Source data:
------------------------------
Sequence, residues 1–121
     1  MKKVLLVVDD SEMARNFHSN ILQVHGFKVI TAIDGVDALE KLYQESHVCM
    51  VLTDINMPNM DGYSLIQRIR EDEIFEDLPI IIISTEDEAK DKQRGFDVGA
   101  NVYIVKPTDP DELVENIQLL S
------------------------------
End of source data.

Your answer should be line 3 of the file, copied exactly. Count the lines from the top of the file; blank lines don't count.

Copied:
    51  VLTDINMPNM DGYSLIQRIR EDEIFEDLPI IIISTEDEAK DKQRGFDVGA